With so much information being announced daily about the COVID-19 pandemic, here is a review and preview of what is going on in Southern Colorado as it pertains to the virus:
The biggest story: The governor and CHSAA came to an agreement on variances to allow fall sports, including football. Many southern Colorado schools have decided to participate in the revised fall season while others have opted to remain in the spring format. The schools have until this morning at 8 a.m. to make their decisions.
Each season will be structured the same and there will be a champion named in each season, according to CHSAA. The regular season will be a 6 plus 1 hybrid season meaning teams that make the playoffs will play the seventh game as a playoff game. Teams that do not make the playoffs can schedule the seventh game with another non-playoff team.
The playoffs will also feature an 8-team bracket by division, which is set and seeded by the CHSAA Seeding Index. Team schedules will be built out by CHSAA for all schools "due to the short amount of time" before the start of the season.
The Air Force Academy announced the football team will compete, at least, for the Commander in Chief's trophy and play against both Army and Navy. The rest of their football schedule in the Mountain West Conference is still up in the air, as other major conferences announced a change of plan and will now have fall football, including the Big 10 and the Pac-12.
Athletic Director Nathan Pine said the only fans allowed in the stadium will be cadets as the Academy remains closed to the public. Fans who have a Navy ticket have a few options moving forward: donating your ticket payment as a tax-deductible donation to the Falcon Athletic Fund, rolling over your 2020 season tickets to the 2021 season, or requesting a refund.
El Paso County reported that it had met key metrics on a new state "dial" system introduced that allows an increase in capacity limits for personal and professional gatherings, including restaurants and places of worship.
As numbers in a county improve, that county's dial moves one spot to the left, one step closer to the "Protect Our Neighbors" phase.
Counties would be able to move to a less restrictive level if they meet all the positive metrics for a two-week period. Counties would also have to notify the CDPHE and local health care providers when they believe they are eligible to move to a less-restrictive level.
But counties would move back to more-restrictive measures if they fall out of compliance with the metrics. They would have a two-week grace period, under the draft guidelines, to regain compliance with a metric, and if they do not, they would have a meeting with the CDPHE to determine the next steps.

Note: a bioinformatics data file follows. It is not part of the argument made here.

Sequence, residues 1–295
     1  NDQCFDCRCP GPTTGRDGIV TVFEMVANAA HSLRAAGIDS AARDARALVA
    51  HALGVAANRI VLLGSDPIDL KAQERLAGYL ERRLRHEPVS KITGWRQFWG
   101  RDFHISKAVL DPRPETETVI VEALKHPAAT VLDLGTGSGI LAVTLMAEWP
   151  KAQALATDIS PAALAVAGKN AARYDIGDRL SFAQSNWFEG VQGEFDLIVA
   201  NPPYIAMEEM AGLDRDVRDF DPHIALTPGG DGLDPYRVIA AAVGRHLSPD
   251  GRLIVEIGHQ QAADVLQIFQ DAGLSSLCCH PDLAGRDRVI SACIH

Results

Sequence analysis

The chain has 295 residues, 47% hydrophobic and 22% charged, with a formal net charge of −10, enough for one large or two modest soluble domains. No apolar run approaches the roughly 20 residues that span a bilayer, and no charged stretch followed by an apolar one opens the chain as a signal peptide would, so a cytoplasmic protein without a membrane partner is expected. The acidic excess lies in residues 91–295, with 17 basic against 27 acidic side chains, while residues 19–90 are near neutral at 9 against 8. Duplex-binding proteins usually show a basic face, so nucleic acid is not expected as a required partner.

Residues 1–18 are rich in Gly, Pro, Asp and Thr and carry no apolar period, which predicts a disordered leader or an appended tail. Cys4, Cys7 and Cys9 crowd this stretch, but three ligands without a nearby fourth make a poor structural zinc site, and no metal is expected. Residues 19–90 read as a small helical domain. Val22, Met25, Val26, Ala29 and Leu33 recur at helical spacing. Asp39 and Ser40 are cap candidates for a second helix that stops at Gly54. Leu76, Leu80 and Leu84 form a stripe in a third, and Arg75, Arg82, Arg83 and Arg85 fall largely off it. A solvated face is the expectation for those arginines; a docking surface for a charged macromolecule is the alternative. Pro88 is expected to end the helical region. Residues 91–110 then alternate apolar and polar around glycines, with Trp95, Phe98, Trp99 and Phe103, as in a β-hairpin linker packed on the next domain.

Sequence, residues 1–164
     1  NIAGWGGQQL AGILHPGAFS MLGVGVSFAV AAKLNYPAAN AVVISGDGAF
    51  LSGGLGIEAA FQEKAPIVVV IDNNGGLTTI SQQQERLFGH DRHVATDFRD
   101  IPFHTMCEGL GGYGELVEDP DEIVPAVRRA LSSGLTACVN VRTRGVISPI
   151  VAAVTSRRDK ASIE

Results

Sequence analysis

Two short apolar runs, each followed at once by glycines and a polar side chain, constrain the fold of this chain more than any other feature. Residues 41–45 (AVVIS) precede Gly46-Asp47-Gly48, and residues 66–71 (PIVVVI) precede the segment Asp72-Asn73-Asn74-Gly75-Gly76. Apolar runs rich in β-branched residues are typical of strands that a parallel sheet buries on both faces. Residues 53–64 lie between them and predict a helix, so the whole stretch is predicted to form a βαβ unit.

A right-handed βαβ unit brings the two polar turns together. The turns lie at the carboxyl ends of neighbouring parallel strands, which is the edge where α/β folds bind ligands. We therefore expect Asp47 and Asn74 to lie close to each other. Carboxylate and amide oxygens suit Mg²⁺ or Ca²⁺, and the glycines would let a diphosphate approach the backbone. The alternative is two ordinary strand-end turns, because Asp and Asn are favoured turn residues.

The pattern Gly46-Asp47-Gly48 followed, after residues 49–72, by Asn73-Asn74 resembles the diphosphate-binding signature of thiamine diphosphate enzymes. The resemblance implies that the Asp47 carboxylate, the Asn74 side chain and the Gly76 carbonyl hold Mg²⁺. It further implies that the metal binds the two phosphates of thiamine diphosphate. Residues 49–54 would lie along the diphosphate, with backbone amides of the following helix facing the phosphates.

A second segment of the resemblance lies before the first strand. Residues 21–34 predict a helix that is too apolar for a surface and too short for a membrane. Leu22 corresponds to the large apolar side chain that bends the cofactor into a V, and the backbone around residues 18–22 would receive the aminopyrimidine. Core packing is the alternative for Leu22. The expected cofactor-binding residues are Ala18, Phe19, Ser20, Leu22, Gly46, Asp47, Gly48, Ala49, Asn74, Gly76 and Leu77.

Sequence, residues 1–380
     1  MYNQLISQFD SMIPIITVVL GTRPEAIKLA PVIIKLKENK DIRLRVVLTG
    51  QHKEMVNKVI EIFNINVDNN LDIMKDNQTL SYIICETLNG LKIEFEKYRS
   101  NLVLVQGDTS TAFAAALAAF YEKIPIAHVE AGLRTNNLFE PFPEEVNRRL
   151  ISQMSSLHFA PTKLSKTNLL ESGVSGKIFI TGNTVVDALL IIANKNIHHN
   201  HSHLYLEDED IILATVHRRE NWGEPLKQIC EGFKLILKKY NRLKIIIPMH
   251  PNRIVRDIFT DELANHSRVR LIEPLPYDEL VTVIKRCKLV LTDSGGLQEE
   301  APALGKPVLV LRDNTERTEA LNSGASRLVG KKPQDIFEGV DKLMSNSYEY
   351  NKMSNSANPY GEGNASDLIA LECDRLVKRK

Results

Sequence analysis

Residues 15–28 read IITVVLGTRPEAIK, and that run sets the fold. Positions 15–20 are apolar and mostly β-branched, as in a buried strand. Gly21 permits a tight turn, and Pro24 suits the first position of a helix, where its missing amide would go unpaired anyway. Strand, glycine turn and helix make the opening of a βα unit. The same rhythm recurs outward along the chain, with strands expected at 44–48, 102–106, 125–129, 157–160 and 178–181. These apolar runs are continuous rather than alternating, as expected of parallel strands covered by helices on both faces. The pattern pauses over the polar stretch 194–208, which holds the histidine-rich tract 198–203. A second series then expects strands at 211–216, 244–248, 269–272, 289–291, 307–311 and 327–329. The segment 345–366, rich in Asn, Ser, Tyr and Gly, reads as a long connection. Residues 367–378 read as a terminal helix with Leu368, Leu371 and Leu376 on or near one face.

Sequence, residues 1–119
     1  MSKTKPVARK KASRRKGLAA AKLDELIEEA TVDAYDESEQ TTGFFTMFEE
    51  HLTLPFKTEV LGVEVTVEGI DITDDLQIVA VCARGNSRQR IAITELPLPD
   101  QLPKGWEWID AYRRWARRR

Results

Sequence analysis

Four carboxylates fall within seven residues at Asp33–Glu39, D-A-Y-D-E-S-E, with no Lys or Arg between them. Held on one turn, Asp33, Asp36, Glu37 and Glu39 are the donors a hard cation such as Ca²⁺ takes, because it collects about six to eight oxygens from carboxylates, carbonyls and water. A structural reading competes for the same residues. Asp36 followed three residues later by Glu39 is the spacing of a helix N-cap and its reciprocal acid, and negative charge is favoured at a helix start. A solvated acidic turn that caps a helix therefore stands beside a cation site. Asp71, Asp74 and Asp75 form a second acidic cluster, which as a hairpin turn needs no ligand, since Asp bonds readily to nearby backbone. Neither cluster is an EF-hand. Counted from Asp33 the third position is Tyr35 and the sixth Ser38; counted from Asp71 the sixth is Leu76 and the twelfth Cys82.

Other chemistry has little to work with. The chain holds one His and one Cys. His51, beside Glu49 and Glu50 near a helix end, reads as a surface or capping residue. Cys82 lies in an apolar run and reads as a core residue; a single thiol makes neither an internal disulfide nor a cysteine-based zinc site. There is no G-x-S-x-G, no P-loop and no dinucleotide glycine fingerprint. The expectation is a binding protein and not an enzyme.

We are seeing an increase in COVID cases, particularly among young people and on college campuses. On the CU Boulder campus, all students were asked to self-quarantine and they are running out of isolation beds.
The Boulder County Health Department said “the majority” of cases came in students aged 18-29 who live off-campus and who are attending large gatherings without face coverings and proper physical distancing measures.
The students who leave their self-quarantine were asked to wear face coverings at all times.
“Self-quarantine should last for 14 days, continuing until 11:59 p.m. on Tuesday, September 29, 2020. This recommendation is not an emergency order; however, more stringent and mandatory restrictions will be imposed if students do not comply and break the transmission cycle,” BCPH Executive Director Jeffrey Zayach wrote in a letter to CU students.
But the chancellor, in a letter sent to students, told them the university would be enforcing this measure. Students found in violation of the measures could face exclusion from campus, probation—which can impact future study abroad or attending graduate school—and suspension from the university pending adjudication, the letter states.
The state is also seeing spikes at CSU Fort Collins and Regis University in Denver.
Another petition drive was approved to recall Gov. Jared Polis for his handling of the pandemic with more than 600,00 signatures needed to be verified by November.
“We’re on the clock,” said organizer Greg Merschel, who's behind the Recall Polis petition this year. A different group — which Merschel was a part of — tried to recall the governor last year and failed, so why is he trying again this year?
“The same reasons, except people are probably more upset now. Executive order after executive order after executive order. He’s ruling the state by executive order. He’s usurping the legislature,” Merschel said.
Today, News5's Jessica Barreto will show some fun ways to welcome in fall with your family. She's checking in with a local school and sharing their fall craft and activities ideas, especially when some fall traditions may be looking a lot different due to the pandemic.
On Tuesday as we work to rebound from the pandemic, News5's Patrick Nelson has help for the unemployed and how to nail the Zoom job interview.
A lot of people trying to find work right now and having those virtual conversations to try and score the paycheck. He has how you can conquer some of the challenges and situations that a Zoom interview may have.
Then on Thursday, Patrick shows us how you may want to clean your social media act in order to get that job. Experts show us the pros and cons of our online identities and how to improve them before it's too late. We'll have these stories and so much more coming up on News5.
News 5 is embarking upon a new journey with all of you in The Rebound Colorado. Our will be helping you connect with job opportunities. News 5's team will be here to answer your questions, bringing you expert advice to balance the books, pay the bills, and rebuild savings accounts. E-mail us any time at email@example.com with your suggestions, feedback, frustrations, ideas, suggestions, and anything else you need.